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an online version of the magazine Spring/Summer 2007

Heads with Many Hats

For today’s departmental leaders, the needed skill set is daunting.


By Dean/CEO Edward D. Miller, M.D.

asking for money... with reluctance

Through a convergence of circumstances, I’ve had the opportunity in my 11 years in this job to select almost every department and institute director at Johns Hopkins Medicine.

The qualities I look for in these key institutional leaders have shifted dramatically during that time due to the whirlwind of change in health care and academic medicine. What skills will future department directors need to keep Hopkins on an upward trajectory? Here’s my take.

The No. 1 requisite is outstanding “people skills.”

We used to pick department directors because of their preeminence as scientists. That’s no longer the main driver. Yes, our directors still must be tops in their fields but increasingly what’s paramount is the ability to deal effectively with others inside and outside Hopkins.

Departments can’t remain isolation booths of scientific inquiry. Interdependence is what counts—shared resources and working across departments, schools, or even universities. We’ve found it takes a broad array of medical insights and technologies to attack complex diseases.

Financial management skills are increasingly important.

Department directors must become masters of budgeting to achieve their goals.

There was a time when a department leader could simply request $1 million by saying, “I need new equipment.” It doesn’t work that way anymore. For basic science the questions are more along the lines of: How will this instrument or core resource leverage your strategic vision for the department?

This is how I look at it: Smart directors get the most out of their budget allocations because they know that wasting finite resources penalizes everyone in the department.

Leaders of departments must get the most out of their faculty.

How do you coax or encourage an increasingly diverse group of researchers, educators, and clinicians to work as a team? That’s the challenge.

Good directors have a knack for molding their faculty into a united group focused on bettering the department and leaving their egos, hopefully, at the door. Interaction with your faculty is essential. Becoming a good listener is important. So is sharing responsibility. The days of the department directors as a benevolent dictator who makes all decisions are gone.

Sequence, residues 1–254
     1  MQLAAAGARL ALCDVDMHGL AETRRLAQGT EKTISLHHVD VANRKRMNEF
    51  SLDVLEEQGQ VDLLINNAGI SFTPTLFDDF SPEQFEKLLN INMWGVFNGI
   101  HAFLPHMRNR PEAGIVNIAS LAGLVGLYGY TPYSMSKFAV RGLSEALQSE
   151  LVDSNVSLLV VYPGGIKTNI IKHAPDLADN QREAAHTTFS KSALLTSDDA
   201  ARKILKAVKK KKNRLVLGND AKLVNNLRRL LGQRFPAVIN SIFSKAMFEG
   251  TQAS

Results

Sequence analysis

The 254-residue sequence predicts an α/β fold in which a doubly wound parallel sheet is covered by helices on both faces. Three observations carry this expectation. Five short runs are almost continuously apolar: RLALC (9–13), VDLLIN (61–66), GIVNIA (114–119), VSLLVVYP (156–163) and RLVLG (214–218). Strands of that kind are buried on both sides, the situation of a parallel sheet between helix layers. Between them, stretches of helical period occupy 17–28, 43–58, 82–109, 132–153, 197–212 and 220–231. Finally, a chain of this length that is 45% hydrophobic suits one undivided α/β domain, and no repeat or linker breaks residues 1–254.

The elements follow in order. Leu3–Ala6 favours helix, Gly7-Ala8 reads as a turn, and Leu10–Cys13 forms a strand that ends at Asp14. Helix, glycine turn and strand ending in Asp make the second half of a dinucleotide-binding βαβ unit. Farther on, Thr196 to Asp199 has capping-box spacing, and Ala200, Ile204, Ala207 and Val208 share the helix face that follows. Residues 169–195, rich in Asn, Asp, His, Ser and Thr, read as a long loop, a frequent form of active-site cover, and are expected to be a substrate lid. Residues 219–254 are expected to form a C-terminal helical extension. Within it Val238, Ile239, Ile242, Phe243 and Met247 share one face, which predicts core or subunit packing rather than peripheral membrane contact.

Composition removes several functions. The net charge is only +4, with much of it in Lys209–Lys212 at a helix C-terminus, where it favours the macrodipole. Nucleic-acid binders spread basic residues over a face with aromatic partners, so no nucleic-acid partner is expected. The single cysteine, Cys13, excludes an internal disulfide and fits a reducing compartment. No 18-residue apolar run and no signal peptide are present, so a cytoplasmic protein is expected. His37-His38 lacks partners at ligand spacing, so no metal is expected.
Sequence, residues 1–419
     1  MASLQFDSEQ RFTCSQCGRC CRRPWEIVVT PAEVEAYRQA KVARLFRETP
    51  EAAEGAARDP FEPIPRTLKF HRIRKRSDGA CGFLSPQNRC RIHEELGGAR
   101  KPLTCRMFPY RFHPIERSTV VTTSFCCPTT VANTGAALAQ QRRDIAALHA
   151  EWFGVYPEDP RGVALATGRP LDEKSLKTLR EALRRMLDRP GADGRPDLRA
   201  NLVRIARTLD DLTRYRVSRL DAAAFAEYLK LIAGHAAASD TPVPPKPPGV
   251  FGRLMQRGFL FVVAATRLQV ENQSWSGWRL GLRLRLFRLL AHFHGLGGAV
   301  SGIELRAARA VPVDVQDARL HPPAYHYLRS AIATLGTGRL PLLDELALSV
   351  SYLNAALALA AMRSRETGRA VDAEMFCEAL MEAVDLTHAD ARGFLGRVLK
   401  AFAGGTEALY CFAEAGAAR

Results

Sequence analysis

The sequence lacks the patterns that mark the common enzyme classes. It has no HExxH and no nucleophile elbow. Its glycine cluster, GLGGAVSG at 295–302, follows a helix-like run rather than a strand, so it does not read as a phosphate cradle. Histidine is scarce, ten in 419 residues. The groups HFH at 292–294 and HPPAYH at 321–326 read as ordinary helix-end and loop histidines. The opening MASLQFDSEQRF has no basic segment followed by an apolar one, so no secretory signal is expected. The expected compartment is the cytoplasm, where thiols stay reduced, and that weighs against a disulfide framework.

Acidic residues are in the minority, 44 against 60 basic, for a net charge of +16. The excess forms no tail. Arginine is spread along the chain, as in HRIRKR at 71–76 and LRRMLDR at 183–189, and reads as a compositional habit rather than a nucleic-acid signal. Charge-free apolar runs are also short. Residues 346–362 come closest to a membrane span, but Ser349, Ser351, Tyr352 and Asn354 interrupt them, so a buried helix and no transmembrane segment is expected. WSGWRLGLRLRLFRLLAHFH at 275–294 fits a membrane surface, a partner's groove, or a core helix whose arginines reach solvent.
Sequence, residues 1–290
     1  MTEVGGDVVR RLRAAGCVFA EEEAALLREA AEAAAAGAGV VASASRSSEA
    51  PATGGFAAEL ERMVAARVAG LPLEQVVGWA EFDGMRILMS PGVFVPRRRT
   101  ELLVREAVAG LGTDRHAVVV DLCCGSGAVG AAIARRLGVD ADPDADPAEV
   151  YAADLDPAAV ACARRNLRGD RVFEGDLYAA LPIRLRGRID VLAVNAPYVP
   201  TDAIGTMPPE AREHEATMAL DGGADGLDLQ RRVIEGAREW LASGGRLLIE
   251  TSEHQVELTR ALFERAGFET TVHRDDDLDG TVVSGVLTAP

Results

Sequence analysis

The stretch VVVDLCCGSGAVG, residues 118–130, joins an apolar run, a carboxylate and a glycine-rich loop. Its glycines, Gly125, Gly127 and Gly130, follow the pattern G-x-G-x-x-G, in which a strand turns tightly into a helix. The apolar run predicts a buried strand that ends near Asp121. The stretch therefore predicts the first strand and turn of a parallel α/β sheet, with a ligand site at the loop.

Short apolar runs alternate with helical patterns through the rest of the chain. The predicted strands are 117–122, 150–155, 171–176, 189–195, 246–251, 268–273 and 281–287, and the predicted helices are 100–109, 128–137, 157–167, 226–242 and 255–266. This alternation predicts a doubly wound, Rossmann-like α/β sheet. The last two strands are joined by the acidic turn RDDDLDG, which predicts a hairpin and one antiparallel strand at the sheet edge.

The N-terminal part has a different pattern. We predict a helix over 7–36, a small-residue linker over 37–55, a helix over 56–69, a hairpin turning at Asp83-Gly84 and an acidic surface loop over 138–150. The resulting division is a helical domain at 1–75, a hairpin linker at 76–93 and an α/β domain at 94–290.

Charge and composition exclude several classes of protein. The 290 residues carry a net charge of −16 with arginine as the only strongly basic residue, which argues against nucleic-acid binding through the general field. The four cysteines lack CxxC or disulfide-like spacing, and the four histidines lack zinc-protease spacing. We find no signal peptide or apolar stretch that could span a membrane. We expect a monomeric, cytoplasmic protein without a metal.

Successful chairs delegate responsibility, use colleagues as sounding boards, and expect trusted faculty to work through a problem before it reaches their desk. They establish clear lines of authority. They seek solutions, not scapegoats.

Directors must be accountable for faculty performance.

This means making tough decisions. Unproductive faculty members hold back the rest of a department’s achievers.

The best Hopkins chairs regularly evaluate their faculty. When I ran Anesthesiology, I had each faculty member fill out a one-page self-evaluation sheet. Then we’d talk about it and I’d give some constructive criticism. After a while it became clear who wasn’t progressing. Difficult as it was, I took action.

Today, I do this sort of self-evaluation with my vice deans and direct reports. It keeps everyone on their toes and fully informed about what’s required of them.

Future Hopkins leaders must be exceptionally nimble.

They’ll have to find new revenue sources and squeeze the most out of every dollar because the news from Washington isn’t good.

We’re again faced this year with flat funding from the National Institutes of Health. Essentially, we’re being asked to do more with less. Meanwhile Medicare and Medicaid reimbursements are under attack. Private insurers continue squeezing provider payments. This will test our directors’ financial and management acumen.

Creative solutions will be needed. Directors must “sell” the vast potential of medical breakthroughs to foundations and philanthropists. They must accelerate technology transfer. They must find national and international markets for Hopkins programs and management expertise. They must explore alternative avenues of government funding—from the state, from homeland security grants, and from military research.

Hopkins leaders must be open to new ways of running their departments.

In a few years, many of our patients may never set foot in Hopkins Hospital. We’re decentralizing the delivery of health care at ancillary sites like White Marsh and Green Spring Station. Department directors must leverage these promising opportunities to expand clinical care, research, and education. Those who don’t keep an open mind will be left behind.

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 Learning Curve
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© The Johns Hopkins University 2008